November 18, 2008

Generating events for fun and profit


It's not new or strange what this mini article is about - but since I had a hard time googling for it I thought why not writing some words about it. The DOM provides a set of methods to easily create and distribute events. That means you can simulate clicks or other events on arbitrary DOM elements for testing or even exploiting purposes.


Let's have a look at the code that is necessary to generate a regular click in Firefox, Opera Webkit based browsers.

event = document.createEvent("Events");
event.initEvent('click', true, true);


for(var i in event) {
alert(i + ' - ' + event[i]);

See - it's very easy. The MDC also provides some good documentation on methods like document.createEvent or document.dispatchEvent. Unfortunately this code won't work on IE - but there's an alternative using the proprietary method event.fireEvent.


Not much to say here - but what actually is weird is what you can see after iterating and echoing through the generated event object in Gecko based browsers. There's a whole bunch of quasi constants telling which events are available like with the other browsers - plus some extra stuff like TEXT or XFER_DONE. Safari and Chrome provide a property called clipboardData wrapped inside the event object - but it is set to undefined.

It doesn't seem to be be possible for any of the tested browsers to delegate events to off-domain resources - neither for popups, showModalDialog nor iframes.

Interesting is nevertheless that Firefox 3 allows to disable all system hot-keys on a specially crafted site using KeyEvents specified in DOM3. The user can neither save the site with Ctrl-S anymore, nor make a screen shot or turn to full screen. Hot-keys like Alt-F and Ctrl-T are disabled too of course.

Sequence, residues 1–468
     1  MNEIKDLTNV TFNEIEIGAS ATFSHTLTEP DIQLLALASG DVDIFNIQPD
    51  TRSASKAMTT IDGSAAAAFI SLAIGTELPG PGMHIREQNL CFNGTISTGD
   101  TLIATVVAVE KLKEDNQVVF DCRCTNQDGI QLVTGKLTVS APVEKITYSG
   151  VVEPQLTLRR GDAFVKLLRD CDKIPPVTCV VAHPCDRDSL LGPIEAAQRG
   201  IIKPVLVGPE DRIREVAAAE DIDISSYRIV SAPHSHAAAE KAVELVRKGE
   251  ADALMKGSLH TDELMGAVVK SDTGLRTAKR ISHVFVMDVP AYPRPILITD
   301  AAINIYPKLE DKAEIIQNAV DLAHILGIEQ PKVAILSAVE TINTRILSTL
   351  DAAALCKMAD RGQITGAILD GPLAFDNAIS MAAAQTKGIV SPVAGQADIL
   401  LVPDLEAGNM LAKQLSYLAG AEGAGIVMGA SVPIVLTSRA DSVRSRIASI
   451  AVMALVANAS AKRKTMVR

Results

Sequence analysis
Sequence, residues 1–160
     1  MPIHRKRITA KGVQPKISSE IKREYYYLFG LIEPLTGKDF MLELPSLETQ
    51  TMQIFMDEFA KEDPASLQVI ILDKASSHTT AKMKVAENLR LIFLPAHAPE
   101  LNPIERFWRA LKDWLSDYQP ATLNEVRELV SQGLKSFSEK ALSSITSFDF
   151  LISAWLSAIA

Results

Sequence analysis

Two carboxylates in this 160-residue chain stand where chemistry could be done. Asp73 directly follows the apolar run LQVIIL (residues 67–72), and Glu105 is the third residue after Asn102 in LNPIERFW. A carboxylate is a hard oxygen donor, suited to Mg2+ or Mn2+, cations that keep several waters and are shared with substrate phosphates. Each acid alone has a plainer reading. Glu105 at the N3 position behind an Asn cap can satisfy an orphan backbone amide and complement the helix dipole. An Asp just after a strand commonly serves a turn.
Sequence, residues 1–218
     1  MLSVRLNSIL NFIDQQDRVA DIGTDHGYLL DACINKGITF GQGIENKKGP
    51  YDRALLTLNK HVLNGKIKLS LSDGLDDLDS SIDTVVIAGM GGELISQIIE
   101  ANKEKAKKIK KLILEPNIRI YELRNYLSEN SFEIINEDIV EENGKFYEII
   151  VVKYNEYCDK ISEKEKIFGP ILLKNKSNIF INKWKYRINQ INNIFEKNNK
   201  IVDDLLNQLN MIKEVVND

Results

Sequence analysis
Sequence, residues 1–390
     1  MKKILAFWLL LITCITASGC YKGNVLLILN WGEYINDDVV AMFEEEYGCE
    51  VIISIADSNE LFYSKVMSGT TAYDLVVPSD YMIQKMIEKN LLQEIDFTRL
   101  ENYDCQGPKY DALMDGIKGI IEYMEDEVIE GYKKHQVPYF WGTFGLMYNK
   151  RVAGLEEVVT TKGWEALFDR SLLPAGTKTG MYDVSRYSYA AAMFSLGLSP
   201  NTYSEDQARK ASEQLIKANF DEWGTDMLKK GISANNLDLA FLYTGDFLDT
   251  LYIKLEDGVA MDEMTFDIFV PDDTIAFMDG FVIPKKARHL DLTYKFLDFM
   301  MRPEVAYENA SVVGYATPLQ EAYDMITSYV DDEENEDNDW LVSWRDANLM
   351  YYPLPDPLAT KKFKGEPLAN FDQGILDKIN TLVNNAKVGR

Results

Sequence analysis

<body onkeypress="alert(this.event);return false;"></body>
event = document.createEvent("KeyEvents");
event.initKeyEvent("keypress", true, true, null, true, false, false, false, 0, 0);

Firefox and Webkit based browsers are the only one that support KeyEvents but Firefox is the only one that allows this kind of overriding - not even IE6 is that "cool". Safari 3.2 and the above listed code leads to a strange behavior on most test machines too - the browser skin simply turn black. The following code crashes Firefox 3.0.3 with latest Firebug installed - this combo doesn't seem ready for PopupBlockedEvents.

  event = document.createEvent("PopupBlockedEvents");

Events are more than a wide sphere - and worth at least another article about oddities when coming to bubbling and capturing getting published the next days.